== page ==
You’re right. This could be understood as white saviorism. Sorry, I did not intend to convey that. What I meant is that too often situations like Arbery’s are viewed as a “black problem,” when in reality the root of such injustices lies with racist thinking harbored by many people over time. At the very least, I feel a responsibility as someone committed to antiracism to speak up and act in ways that can contribute to a solution. I’m certain that is a commitment we share. And I do hope you’ll give Kendi a read. He really does cut some new ground in the conversation, in a way that is “de-tribalizing’” as you say.

Not even going with you into “black on black crime” territory. Read Kendi. Maybe do a book review for Spectrum. Then let’s talk.

1 Like

We reviewed Kendi’s book back in December, but if @ajshep wanted to do a review as well, we would certainly welcome it. It’s always interesting to see the different aspects different people take from the same book.

I have a 3rd opinion: Racism is a kind of “moral deficiency or illness” that I am not sure can be cured. It’s a transmissible malign moral defect. Not genetically but certainly behaviorally transmissible.

I wonder if there is a 4th opinion on this issue… :wink:

Quite the offer webEd!

I will accept your offer, get the book and read it. I can offer a review then, but have not written such a thing since high school! You can look it and see what you think, but need not print if if it is not up to par.

1 Like

Got the Kindle addition. 300+ pages, try and to it this PM…

1 Like

Happy reading, @ajshep!


For those who would like to learn more about the fear black men navigate in predominantly white spaces, see the research done by this Brookings sociologist:

1 Like

I looked at your link. Here is a paragraph from it:

And I think this is something that oftentimes people don’t readily realize, and I think it’s because of stereotypes that black men are the ones who are threatening to others. But black men actually, at times, are fearful for their own lives just engaging in everyday, normal activities, such as exercising, even going to a restaurant or coffee shop, driving down the street.

I also looked up the crime rates, black on black, white on white, and black on white and white on black.

The stats show this for 2016, murder, from the FBI:

White on White: 2854

Black on Black 2530

Black on White: 533

White on Black; 243

The cases are about equal in number, but of course, the black population is only about 20% of the whole in America. White on Black accounts for 3% of the total.

The killing of the jogger was a tragedy, but one that happens very rarely in America. If black men in white neighborhoods are worrying, they should stop. They have almost nothing to worry about.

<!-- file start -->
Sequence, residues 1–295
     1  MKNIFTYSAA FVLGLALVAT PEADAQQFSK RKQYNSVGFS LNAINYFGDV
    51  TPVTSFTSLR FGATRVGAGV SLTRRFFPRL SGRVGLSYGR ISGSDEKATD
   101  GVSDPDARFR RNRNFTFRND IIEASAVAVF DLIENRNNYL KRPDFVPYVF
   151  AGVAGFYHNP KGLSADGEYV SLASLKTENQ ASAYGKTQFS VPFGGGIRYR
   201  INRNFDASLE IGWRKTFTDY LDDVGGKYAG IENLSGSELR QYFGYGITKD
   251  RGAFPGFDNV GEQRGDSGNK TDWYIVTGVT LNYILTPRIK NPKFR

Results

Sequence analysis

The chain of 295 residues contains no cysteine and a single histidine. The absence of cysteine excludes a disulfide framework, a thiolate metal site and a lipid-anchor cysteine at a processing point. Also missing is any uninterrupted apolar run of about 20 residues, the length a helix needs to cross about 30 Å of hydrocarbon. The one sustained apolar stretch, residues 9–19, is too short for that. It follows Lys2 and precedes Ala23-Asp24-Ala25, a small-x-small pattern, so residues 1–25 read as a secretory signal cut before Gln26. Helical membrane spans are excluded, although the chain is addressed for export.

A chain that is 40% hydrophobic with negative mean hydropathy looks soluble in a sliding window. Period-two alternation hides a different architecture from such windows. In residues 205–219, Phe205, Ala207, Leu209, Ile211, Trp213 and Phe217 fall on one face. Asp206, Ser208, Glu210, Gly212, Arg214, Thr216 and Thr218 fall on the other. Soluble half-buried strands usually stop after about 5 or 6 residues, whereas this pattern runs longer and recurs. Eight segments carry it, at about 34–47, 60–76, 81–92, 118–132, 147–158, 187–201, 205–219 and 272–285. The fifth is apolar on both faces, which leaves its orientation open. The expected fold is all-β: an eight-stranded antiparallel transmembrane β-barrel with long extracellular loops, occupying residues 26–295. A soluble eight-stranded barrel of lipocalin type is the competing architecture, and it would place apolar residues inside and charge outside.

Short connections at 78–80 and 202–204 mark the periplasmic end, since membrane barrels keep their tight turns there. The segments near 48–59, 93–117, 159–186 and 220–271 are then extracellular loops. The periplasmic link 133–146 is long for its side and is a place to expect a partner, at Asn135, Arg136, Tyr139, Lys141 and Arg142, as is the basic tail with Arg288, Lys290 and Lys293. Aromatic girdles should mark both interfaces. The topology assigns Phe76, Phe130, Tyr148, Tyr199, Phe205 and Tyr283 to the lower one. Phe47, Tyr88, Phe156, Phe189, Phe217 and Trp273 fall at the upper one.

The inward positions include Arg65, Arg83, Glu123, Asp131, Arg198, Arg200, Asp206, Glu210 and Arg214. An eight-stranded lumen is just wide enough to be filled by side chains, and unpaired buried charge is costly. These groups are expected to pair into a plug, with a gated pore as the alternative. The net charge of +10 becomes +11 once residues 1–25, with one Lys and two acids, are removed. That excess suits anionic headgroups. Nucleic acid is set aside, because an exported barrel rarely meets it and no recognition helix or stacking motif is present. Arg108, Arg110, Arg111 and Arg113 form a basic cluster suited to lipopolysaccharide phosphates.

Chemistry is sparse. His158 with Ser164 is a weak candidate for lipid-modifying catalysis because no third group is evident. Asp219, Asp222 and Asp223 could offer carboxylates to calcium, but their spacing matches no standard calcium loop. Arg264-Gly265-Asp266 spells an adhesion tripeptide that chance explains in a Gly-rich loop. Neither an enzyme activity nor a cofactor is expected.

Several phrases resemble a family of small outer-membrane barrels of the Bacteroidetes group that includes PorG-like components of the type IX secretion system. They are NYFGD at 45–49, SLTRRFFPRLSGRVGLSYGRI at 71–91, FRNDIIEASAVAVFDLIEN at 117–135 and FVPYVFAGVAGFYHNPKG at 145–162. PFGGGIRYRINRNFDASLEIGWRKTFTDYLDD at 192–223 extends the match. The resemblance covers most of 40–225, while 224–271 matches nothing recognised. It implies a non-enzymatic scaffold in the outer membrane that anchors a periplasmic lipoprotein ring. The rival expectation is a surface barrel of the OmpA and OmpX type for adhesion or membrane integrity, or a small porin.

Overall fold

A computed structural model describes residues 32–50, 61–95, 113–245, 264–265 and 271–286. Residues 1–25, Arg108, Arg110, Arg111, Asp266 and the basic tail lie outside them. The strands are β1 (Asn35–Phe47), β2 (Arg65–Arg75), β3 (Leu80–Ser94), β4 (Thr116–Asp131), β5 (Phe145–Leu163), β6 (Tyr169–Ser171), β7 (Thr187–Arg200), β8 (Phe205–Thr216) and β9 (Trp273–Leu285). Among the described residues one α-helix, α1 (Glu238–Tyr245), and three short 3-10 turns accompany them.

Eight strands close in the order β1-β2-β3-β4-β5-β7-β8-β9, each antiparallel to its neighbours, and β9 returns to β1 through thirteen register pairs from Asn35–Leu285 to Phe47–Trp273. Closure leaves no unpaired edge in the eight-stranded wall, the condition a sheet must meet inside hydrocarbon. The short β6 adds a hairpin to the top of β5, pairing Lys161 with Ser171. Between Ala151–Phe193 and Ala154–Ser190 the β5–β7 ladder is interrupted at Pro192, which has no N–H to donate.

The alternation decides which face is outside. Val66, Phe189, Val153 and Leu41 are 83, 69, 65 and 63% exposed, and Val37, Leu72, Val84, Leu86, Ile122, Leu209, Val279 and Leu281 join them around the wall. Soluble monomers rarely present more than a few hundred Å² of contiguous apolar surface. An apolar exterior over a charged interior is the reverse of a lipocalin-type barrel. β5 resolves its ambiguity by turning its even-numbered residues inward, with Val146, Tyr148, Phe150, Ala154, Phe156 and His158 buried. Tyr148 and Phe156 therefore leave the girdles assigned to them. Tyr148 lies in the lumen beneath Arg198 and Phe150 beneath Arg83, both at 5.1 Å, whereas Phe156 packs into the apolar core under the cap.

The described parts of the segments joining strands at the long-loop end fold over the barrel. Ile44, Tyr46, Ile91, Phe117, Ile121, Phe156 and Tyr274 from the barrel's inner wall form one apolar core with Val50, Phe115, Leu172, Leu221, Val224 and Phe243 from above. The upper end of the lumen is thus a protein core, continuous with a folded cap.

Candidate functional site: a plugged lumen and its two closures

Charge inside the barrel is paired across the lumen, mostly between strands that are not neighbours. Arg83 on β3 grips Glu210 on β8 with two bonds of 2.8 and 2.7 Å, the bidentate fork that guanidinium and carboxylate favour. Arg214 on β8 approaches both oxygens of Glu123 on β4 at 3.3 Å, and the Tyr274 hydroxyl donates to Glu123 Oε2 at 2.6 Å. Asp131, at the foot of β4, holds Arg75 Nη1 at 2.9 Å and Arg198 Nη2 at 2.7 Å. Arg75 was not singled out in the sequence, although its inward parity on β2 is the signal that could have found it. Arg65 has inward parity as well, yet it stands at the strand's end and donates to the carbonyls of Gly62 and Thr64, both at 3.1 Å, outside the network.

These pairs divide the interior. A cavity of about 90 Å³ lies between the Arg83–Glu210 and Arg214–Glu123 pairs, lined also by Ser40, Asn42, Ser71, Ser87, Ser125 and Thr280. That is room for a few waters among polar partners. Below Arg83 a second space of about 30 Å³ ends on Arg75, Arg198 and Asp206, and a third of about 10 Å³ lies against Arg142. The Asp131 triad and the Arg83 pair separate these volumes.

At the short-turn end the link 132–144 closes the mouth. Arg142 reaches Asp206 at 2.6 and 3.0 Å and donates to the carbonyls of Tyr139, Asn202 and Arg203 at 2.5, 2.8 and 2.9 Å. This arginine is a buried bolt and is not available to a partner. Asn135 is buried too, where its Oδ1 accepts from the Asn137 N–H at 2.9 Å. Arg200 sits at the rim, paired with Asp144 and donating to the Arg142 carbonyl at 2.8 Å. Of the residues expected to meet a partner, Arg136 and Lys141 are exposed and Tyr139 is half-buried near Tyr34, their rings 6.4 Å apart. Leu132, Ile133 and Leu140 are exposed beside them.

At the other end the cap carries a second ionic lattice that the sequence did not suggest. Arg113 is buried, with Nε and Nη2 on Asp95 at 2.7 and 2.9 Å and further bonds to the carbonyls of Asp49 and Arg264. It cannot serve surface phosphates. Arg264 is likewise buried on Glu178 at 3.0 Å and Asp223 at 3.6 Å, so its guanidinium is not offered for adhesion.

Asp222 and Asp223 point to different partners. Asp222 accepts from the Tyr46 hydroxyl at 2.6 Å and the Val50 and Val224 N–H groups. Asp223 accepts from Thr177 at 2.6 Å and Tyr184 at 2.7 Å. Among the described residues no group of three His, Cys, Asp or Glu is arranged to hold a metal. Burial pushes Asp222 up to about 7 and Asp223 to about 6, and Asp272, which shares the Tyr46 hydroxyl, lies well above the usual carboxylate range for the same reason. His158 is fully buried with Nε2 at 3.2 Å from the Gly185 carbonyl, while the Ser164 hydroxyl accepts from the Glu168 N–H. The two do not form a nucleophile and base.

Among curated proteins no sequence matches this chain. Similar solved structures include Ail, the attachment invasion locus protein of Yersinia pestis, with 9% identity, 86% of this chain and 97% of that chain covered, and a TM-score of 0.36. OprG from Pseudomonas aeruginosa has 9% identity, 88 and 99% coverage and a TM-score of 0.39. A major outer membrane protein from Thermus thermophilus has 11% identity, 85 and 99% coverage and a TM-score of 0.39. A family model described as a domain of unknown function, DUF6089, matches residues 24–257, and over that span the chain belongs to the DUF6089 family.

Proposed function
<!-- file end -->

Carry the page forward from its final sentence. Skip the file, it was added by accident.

White on black is the one happening least.


It’s a good example of how sociological research can be molded to a narrative by leaving out details like… upbringing.

People with PTSD associated with dangerous environments generally develop paranoia about certain dangers that are not legitimate.

For example, if you listen to Joe Rogan, the reason he got into martial arts was because he was bullied in school. So it’s a typical karate kid story, in which perceived threat turns into a life-long paranoia of being threatened by certain kind of people. Joe admits that he is threatened by people who are much larger than he is and doesn’t feel comfortable.

I can personally relate, since I grew up in the post Soviet Collapse era during which a missed phone call would send my parents into a frenzy that I am in some danger. A lot of people were dying. A lot of young people were dying.

So, I would avoid certain people on the sidewalks. I would take detours that minimized potential exposure to certain kind of people during that era. So, I tend to be hyper-aware of any environment I am in, since I grew up with a paranoia of a woodland critter.

Talking to many back people in my lifetime who come from poor black neighborhoods, their experience tends to be similar… especially for those who didn’t like the local dominance games and focused on education or individual path to success.

So, I highly doubt that an upper class black dude who grew up around white people would be constantly concerned for his life.

That sense of paranoia generally exist in people who I talk to and who tend to interpret unfamiliar environment and misread certain signals from people as threatening.

As @ajshep pointed out, the likelihood of a black person to be assaulted in a white neighbourhood, or mistaken for criminal … is fairly low. There are circumstances in which numerous black suspects involved in burglary create stereotypical perception that spills out into incidents like Treyvon or this case, but these incidents are extremely rare.

1 Like